Live from London Games: What to expect from OBS
It’s the day before the Opening Ceremonies here at the International Broadcast Centre, home to Olympic Broadcasting Services (OBS) and dozens of broadcast organisations from around the world. The massive three story building is located right next to the Olympic Park, the 2.5 square kilometer area that is home to eight venues, including the Olympic Stadium, Aquatics Centre, and Velodrome, and is home to the core technical facility that will offer more than 90 full HDTV feeds during between now and the closing ceremonies on August 12.
The OBS team has been on site since March, when most of the full-time departments moved into the IBC and the venue teams began battling the elements. During the next three weeks the OBS team will produce more than 5,600 hours of coverage, all in HD (and protected for 4:3).
Some of the key changes? Basketball will be played at two venues (one for preliminaries and one for finals), hockey and volleyball will each have only one competition venue (they each had two in Beijing), and there will be five live feeds of tennis coverage as opposed to three in Beijing.
OBS will also work closely with a number of broadcasters that will help produce the events. The BBC, for example, will handle football, boxing, rowing, canoe sprint, and tennis. YLE will be involved with the ceremonies and athletics will be handled by YLE alongside SVT and NOS. CCTV will serve up badminton, table tennis, and and fencing (as well as fencing and riding for the pentathlon). TVE will be responsible for the swimming marathon (OBS will handle the remainder of aquatics) as well as canoe slalom, and the triathlon. Cycling events will be handled by NOS and VRT while STV will cover hockey and FUJI will be on hand for judo.Indoor volleyball will be served up by ICRT while ERT will do the heavy lifting for weightlifting. And OBS will produce equestrian, handball, sailing, shooting, swimming for the pentathlon, beach volleyball, and wrestling.
As usual, OBS will offer up a number of production enhancements. All involved for OBC are now focusing on the final touches to the technical infrastructure both inside the IBC, at the venues, and for the Opening Ceremonies.
In the coming weeks the Sports Video Group and SVGEurope will take you behind the scenes of the events and the enhancements. And here are just a few of the changes this year that you will read about:
-All HDTV: Along with the 90 high-quality HD services for broadcast needs there will also be two compression profiles in IP for new media needs: 24.7 Mbps for high definition needs and 2.4 Mbps for standard definition needs.
-More than 230 hours of 3D: A 3D production unit consists of up to three fully-equipped OB vans and six separate ENG teams that will produce more than 230 hours of 3D content. Live coverage is expected for the ceremonies, athletics, artistic and trampoline gymnastics, aquatics, canoe/kayak slalom, and basketball finals. Additionally, the 3D ENG crews will cover an additional 21 sports as the team tries to learn how 3D impacts coverage of all Olympic sports. A daily summary programme will be produced, combining portions of the live coverage with that collected by the ENG crews.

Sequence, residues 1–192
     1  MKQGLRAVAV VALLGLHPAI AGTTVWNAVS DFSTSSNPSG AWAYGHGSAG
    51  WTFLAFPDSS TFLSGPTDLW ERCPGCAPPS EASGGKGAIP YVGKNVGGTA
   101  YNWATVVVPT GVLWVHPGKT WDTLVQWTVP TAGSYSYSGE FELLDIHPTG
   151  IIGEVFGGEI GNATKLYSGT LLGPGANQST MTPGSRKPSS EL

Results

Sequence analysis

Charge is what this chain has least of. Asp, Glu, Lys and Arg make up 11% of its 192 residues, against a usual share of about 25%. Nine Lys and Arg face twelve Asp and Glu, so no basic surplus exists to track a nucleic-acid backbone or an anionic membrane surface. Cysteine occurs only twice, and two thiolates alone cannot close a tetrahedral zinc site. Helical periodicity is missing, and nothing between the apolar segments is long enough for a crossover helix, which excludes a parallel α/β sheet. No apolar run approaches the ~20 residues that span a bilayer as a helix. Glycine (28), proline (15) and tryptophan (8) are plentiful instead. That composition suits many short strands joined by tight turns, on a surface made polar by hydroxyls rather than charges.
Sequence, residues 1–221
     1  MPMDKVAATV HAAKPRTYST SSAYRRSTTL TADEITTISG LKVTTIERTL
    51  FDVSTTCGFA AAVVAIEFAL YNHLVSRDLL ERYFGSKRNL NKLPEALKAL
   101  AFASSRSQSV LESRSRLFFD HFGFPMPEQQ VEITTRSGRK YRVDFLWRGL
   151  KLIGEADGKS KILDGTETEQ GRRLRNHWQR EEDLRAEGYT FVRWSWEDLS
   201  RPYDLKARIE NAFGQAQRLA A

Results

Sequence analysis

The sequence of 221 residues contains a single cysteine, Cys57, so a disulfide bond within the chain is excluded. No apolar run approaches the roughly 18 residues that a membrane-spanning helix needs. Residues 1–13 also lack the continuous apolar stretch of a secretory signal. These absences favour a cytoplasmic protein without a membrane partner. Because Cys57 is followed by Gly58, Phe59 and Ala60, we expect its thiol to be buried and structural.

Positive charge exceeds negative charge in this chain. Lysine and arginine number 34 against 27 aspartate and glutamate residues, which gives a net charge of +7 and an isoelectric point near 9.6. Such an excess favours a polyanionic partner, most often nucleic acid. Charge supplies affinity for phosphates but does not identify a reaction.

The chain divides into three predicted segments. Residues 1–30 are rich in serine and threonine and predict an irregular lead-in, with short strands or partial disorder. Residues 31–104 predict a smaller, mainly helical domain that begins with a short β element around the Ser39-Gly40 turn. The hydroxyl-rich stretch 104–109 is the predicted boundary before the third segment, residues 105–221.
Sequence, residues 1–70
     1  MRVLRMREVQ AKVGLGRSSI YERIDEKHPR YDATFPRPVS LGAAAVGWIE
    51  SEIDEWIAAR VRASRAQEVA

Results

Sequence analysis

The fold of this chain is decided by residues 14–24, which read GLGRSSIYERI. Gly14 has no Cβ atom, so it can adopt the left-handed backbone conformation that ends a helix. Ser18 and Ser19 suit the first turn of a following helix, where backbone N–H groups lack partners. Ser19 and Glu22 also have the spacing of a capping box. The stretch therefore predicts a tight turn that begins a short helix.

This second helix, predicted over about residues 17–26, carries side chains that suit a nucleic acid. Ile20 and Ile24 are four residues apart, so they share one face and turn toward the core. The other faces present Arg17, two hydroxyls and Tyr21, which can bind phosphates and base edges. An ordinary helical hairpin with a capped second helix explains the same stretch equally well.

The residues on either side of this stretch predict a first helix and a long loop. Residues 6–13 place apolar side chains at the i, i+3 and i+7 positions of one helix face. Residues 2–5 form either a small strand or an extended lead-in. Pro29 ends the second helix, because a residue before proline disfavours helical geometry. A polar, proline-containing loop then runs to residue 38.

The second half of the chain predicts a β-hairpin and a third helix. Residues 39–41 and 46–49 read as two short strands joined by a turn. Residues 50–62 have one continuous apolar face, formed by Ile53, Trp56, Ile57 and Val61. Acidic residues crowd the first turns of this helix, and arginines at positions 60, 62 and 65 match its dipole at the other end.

-Eight days of Super Hi-Vision: A first for a major sporting event will be the use of “Super Hi-Vision,” the next-next-generation format that offers eight times HD resolution as well as 22.2 Surround sound. It will be used for eight days of live coverage and the ceremonies and will be available for viewing in three theatres in the UK as well as Japan. Viewing will take place on 400-inch screens.
-High-Speed Super Slow Motion Cameras: Expect OBS to use more than 40 super slow-speed cameras this year, capturing events at more than 600 frames per second.
-Specialty Cameras: As usual, OBS will help viewers experience the games in an entirely new way thanks to specialty cameras that offer new perspectives.
-Surround Sound: All events will be produced in 5.1 Surround Sound, with all channels embedded into the HDTV stream. The one exception will be the Olympic News Channel which will be in available in stereo only.
-Virtual Graphics: Virtual graphics, which help identify competitors, will have an expanded role this year as athletics, swimming, rowing, canoe-sprint, sailing, football, and tennis will all get the virtual treatment.
-Animated Graphics: Animated graphics will also play a bigger part after a successful launch at the Vancouver Olympics in 2010. Also expect to see course animations for sports like the marathon, cycling, triathlon, cross country equestrian, mountain bike, race walks, sailing, triathlon, canoe kayak slalom, and swimming marathon.
-Beauty Cameras: 11 cameras have been placed throughout London, providing broadcasters with shots of such iconic landmarks as Tower of London, Tower Bridge, Trafalger Square, and St. Paul Cathedral.
-Multichannel Distribution Service (MDS): OBS will also offer 11 “ready-to-air” channels as well as the Olympic News Channel via satellite for countries that are looking to cut production costs.
It will be an exciting three weeks, not only for viewers but for broadcasters tackling new workflows like file-based workflows that tie their home broadcast facilities together with their IBC operations, the birth of Super HiVision, and the continued growth of 3D.
And the SVG Olympics blog will have the inside scoop.